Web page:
The importance of IPM for successful beekeeping
Keeping bees is a challenge and losing colonies is not a rarity these days. Each spring, beekeepers are more frequently replenishing empty hives with new packages or nucs (nucleus colonies), which can be expensive after several years of continual losses. There are many factors contributing to the decline of honey bees in the US including poor nutrition, increased pesticide loads in nectar and pollen, and higher pressure from pathogens and parasites. One of the most serious problems to honey bee health is the varroa mite, Varrroa destructor. There is ample research on various varroa mite management methods, which can vary from using hygienic genetic stocks, to chemical and non-chemical treatment methods (including drone comb removal, brood breaks, and screen bottom boards). But, how does one go about implementing these multiple approaches to combat various honey bee pests?
Let’s start with a little bit of history. The term Integrated Pest Management (IPM) was coined in 1972, even though research on this topic began at the University of California in the 1950’s with Vernon Stern and his article “The integrated control concept”. The concept and impetus for IPM grew out of discontent with using a purely insecticidal approach to pest management because the overuse of chemicals was proving to lead to ecological distress, chemical resistance and to the creation of ‘Super Bugs’ resistant to all chemicals during the mid 20th century.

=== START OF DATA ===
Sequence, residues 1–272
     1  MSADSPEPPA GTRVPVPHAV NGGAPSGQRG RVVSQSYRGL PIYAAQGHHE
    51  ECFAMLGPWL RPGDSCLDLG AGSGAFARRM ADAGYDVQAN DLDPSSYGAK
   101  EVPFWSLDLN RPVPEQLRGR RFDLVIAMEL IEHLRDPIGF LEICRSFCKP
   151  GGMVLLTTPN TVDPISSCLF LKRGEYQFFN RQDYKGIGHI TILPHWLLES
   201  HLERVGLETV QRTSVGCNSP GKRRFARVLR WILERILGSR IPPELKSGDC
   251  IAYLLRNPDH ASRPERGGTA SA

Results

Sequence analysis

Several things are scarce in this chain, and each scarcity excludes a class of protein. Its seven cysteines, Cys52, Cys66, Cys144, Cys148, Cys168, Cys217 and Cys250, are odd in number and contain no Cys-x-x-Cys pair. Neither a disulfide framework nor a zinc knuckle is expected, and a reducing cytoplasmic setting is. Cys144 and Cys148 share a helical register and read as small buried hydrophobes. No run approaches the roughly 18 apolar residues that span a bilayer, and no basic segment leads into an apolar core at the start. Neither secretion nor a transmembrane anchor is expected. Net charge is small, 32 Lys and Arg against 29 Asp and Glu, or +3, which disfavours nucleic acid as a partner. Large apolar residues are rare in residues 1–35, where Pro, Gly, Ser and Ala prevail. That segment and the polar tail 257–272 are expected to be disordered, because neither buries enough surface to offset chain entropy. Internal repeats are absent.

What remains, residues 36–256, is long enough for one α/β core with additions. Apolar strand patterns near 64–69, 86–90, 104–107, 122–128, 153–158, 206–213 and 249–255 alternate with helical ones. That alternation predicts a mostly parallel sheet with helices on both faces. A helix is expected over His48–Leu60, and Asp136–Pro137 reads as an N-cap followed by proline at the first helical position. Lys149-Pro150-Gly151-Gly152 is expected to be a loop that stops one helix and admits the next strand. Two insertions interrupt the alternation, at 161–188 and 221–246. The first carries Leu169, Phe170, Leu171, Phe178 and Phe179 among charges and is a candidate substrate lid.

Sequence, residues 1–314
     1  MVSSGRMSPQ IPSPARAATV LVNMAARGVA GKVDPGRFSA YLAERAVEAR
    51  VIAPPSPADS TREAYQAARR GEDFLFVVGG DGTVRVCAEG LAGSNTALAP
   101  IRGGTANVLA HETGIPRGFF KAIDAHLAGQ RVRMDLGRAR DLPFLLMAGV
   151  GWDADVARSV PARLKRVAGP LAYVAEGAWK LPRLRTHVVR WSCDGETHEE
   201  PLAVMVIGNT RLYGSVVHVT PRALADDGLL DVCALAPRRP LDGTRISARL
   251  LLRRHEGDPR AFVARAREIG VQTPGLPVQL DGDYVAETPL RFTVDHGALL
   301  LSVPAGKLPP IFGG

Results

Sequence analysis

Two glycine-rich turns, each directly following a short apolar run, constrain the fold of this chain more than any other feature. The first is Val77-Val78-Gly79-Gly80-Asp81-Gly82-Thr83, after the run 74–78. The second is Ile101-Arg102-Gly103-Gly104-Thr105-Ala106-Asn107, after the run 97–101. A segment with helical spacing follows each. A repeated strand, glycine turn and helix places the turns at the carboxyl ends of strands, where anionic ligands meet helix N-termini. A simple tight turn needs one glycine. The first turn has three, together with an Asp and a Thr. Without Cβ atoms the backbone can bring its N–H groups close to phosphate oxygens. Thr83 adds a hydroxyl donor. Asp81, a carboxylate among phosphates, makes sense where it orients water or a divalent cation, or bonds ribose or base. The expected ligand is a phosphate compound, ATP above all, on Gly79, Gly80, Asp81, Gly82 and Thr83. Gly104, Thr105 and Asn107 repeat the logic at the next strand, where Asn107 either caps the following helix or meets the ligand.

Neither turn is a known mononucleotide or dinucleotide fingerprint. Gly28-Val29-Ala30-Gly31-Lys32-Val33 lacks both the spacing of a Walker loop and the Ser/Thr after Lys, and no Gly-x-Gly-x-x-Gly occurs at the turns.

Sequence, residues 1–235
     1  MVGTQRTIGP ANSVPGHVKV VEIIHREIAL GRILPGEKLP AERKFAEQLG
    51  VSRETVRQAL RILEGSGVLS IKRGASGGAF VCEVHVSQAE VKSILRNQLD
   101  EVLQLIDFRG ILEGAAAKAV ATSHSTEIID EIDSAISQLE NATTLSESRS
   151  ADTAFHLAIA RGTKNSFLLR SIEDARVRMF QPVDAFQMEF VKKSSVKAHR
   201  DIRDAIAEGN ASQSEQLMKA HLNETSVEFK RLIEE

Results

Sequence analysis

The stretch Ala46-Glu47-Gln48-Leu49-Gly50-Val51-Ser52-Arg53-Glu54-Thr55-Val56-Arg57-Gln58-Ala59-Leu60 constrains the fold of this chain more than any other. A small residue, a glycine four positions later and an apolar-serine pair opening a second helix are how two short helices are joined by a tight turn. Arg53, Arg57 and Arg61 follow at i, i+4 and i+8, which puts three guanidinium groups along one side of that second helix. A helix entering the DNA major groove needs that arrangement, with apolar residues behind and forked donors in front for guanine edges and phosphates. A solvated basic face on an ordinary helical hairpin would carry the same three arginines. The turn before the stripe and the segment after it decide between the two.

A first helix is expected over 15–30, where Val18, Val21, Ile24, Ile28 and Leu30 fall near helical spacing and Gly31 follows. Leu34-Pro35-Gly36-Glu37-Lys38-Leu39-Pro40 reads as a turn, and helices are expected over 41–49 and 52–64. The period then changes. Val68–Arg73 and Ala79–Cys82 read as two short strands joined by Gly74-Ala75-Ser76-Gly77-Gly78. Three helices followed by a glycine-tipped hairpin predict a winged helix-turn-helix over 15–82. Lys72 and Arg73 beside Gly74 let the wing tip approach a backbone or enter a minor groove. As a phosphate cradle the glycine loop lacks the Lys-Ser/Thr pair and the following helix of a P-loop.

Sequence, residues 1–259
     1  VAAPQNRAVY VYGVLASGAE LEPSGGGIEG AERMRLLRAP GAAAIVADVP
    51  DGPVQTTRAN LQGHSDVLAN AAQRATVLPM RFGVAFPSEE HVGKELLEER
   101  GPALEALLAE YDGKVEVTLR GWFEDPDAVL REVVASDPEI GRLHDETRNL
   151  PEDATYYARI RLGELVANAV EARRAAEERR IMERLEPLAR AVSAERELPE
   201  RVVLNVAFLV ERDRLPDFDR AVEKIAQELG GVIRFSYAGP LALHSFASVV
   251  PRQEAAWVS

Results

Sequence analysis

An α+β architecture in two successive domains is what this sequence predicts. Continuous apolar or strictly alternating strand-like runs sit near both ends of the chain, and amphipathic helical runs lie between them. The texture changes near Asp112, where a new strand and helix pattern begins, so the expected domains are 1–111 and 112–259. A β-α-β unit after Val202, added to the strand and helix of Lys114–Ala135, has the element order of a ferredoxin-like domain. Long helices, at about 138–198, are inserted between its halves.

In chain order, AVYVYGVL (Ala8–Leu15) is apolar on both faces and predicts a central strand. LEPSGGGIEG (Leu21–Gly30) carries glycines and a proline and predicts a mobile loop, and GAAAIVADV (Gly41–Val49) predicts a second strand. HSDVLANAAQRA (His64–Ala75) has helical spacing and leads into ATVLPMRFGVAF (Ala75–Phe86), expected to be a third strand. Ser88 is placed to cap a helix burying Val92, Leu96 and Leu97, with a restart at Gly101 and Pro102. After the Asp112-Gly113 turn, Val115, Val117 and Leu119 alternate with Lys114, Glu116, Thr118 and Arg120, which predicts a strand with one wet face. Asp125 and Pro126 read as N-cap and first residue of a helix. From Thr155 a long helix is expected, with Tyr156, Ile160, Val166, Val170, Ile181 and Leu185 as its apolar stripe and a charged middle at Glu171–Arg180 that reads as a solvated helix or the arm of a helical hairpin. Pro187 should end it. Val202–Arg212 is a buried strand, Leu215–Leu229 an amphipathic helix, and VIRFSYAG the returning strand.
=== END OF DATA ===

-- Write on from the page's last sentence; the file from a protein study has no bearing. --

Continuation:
IPM and honey bee pests
The IPM strategy comprises a series of tactics that focus on the long-term prevention of pests and damage through a combination of different management techniques. It is not only a strategy but an attitude that emphasizes creating conditions to allow natural mortality factors to work efficiently while correctly identifying, monitoring and diagnosing pest pressure prior and their responses to treatments. Overall, IPM applies a holistic approach to the problem of managing harmful insects, weeds and plant diseases, and it takes place on both the agricultural and nonagricultural settings, including gardening and beekeeping.
When the varroa mite was introduced in the US in the late 1980’s, beekeepers heavily relied on chemical treatments to control their populations. Miticide overuse and misuse led to the quick development of mite resistance to commonly used chemicals including fluvalinate (Apistan) and coumaphos (Checkmite +). Beekeepers today have a very different relationship with these miticides. Now it is common knowledge that the best approach to control mites is not as simple as applying a lot of miticides, but it requires implementing a rotation of approaches. The goal is not elimination of every mite because that is impossible, but rather to prevent mites from exceeding a threshold level that could significantly damage colonies.
Central to IPM is the proper identification of the responsible pest, learning about its life cycle and biology, monitoring populations, establishing thresholds, choosing appropriate management tactics and evaluating the results. There is a series of tactics that are employed to effectively suppress pests using IPM approaches. These tactics can be visualized in a triangle with cultural tactics serving as the base, then using physical and mechanical tactics, followed by biological control tactics. Chemical tactics are at the top of the pyramid and should be considered as the last resort.
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Contributed by Katy Ciola Evans